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Bangladesh Government Says it Won’t Extend Accord and Alliance Because Safety Has “Greatly Improved”

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In a divergence from the International Labor Rights Forum’s recent report noting that labor issues still plague ready-made garment workers in Bangladesh, the country’s commerce minister said workers are content and factory conditions are up to snuff.

After the Rana Plaza factory collapse in 2013, two organizations formed to help quell substandard garment sector conditions: The European-led Accord on Fire and Building Safety for Bangladesh with signatories including Inditex, H&M and Fast Retailing, and the U.S. Alliance for Bangladesh Worker Safety that brands like Gap, Macy’s and VF Corporation support.

Each program was slated for a five-year run, during which both promised to inspect its member factories and aid remediation efforts. Combined, the Accord and Alliance inspected more than 2,000 factories in addition to the government’s 1,475 inspections.

But despite the added audit help, Bangladesh Commerce Minister Tofail Ahmed said neither program would be extended after its scheduled 2018 end.

Speaking at the inauguration of an international exhibition on building and fire safety in Dhaka last week, the minister said garment factories in Bangladesh have undergone a transformation.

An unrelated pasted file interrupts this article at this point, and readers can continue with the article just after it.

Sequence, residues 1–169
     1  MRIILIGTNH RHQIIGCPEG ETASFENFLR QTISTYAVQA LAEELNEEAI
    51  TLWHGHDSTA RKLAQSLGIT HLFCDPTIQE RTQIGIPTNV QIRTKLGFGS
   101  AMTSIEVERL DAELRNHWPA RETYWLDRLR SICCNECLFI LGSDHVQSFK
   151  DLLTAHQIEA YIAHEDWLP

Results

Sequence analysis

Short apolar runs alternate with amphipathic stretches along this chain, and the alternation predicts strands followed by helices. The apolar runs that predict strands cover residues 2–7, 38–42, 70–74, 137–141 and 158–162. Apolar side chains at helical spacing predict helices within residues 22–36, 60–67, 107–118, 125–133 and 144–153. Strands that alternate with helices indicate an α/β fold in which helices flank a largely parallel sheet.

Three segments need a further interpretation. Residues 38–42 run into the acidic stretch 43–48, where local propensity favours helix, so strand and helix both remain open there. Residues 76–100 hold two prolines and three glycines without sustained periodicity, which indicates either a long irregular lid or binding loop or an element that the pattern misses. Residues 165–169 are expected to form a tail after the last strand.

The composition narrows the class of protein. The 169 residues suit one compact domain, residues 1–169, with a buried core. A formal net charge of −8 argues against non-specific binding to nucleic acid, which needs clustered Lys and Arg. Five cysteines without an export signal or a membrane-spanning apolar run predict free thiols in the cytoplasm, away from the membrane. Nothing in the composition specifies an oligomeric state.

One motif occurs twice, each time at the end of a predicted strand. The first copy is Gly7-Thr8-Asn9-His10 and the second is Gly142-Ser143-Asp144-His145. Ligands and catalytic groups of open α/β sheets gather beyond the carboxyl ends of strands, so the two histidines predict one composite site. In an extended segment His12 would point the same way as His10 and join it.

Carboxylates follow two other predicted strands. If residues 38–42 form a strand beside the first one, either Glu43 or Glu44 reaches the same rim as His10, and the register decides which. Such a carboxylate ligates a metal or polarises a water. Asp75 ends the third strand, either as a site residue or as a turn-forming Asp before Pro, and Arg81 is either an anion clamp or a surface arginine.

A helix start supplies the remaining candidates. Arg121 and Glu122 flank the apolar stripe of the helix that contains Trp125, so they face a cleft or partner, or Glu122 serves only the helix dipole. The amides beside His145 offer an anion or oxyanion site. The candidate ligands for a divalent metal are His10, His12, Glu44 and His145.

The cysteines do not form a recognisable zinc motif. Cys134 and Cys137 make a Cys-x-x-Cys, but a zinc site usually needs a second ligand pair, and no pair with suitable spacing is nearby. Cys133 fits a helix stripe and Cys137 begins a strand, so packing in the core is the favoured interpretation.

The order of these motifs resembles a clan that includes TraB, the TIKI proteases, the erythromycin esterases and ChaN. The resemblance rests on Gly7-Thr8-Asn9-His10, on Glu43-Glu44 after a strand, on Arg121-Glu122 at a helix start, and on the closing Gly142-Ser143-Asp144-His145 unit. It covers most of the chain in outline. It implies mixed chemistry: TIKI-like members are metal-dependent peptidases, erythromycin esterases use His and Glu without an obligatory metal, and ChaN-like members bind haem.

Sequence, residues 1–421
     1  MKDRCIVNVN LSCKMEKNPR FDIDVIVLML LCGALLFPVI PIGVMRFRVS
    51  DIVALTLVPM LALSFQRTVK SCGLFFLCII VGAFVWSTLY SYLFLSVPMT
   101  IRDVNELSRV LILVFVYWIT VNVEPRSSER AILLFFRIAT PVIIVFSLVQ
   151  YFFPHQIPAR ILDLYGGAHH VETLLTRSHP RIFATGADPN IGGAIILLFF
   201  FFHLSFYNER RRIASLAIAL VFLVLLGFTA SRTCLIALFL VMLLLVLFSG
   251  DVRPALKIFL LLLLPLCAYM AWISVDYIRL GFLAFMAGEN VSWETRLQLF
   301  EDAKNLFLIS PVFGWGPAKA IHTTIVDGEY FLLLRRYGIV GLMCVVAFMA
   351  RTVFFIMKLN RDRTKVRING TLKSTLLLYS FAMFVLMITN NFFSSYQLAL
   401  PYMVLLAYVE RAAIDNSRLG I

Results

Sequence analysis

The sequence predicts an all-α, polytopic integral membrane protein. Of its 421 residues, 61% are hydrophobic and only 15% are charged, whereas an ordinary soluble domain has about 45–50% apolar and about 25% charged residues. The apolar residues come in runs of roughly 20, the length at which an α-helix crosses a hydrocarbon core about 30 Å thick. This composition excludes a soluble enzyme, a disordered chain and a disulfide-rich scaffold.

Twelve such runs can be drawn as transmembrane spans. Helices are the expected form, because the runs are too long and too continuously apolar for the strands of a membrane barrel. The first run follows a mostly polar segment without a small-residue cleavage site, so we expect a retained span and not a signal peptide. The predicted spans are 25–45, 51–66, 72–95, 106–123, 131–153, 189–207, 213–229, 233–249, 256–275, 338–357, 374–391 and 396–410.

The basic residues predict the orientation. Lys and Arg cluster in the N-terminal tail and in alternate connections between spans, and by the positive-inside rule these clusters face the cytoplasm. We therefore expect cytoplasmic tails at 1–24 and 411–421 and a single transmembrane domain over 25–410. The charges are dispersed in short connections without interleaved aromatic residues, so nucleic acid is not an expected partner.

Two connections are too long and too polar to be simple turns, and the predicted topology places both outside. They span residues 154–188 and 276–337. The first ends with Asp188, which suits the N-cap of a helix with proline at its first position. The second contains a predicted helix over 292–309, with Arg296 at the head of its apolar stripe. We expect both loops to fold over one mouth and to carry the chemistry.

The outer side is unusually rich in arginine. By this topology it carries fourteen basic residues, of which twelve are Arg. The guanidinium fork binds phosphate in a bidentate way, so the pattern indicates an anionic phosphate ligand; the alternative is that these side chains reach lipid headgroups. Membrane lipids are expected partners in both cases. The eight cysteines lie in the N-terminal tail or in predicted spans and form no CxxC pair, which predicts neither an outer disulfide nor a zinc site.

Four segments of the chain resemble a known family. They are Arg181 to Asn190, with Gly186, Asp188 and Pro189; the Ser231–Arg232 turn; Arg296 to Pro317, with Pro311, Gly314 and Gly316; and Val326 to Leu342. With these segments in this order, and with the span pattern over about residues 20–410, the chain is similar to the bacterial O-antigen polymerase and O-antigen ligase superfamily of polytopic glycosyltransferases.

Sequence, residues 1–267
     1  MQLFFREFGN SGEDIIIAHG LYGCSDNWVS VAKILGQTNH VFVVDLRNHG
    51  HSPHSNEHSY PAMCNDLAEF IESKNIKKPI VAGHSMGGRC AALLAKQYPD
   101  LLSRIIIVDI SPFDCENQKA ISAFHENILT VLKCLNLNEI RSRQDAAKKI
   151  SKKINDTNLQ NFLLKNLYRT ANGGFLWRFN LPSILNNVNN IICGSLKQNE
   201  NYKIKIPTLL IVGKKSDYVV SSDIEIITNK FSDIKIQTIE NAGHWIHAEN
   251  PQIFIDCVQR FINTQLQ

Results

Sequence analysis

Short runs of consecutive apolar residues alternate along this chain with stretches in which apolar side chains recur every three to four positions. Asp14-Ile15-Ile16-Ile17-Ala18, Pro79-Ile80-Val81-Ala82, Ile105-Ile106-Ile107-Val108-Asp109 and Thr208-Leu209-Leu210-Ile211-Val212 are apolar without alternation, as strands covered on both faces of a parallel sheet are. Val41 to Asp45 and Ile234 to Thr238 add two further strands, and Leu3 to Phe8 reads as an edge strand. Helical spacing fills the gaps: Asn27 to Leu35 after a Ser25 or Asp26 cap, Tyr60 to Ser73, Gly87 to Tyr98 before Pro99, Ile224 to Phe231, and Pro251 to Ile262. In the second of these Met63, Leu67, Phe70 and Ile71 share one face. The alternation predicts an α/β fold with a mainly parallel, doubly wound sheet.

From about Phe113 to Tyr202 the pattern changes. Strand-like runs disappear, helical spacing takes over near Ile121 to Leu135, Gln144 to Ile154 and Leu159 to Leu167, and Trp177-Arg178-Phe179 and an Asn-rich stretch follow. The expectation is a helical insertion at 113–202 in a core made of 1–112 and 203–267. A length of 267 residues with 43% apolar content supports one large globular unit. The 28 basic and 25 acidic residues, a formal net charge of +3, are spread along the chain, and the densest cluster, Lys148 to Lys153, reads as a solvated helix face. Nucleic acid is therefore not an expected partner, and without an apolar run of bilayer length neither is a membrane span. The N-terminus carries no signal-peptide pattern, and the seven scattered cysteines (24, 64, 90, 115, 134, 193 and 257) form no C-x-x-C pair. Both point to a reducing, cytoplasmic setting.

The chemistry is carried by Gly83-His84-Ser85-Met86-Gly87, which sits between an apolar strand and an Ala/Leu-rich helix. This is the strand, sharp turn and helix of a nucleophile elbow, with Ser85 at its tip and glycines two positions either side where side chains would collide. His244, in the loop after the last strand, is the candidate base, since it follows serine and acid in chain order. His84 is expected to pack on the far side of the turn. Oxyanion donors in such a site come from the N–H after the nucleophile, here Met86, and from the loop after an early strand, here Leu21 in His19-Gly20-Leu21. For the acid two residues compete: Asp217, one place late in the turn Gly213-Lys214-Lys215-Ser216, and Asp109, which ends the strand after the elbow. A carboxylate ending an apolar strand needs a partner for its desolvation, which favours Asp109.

“Most of the factories are now ‘compliant’ [with standards set for them]. Workers are working in a safe and job-friendly environment. Fire and building safety have greatly improved. Workers are happy with the safe working environment,” BD News 24 reported Ahmed as saying.

The Tazreen factory fire and Rana Plaza building collapse gave the world the wrong impression about Bangladesh, he continued.

But Bangladesh’s image has since been improved thanks to government and private initiatives, Ahmed said, and exports are gaining ground. In short, he implied, neither the Accord nor Alliance are needed in the new and improved Bangladesh.

Ahmed said many countries don’t allow any outside parties to inspect their factories and foreigners are hardly given visas to do so.

“But in our country we have Alliance and Accord,” Ahmed said according to BD News. “They are trying to have their terms extended. But that will not be allowed. They will not get even a day’s extension.”

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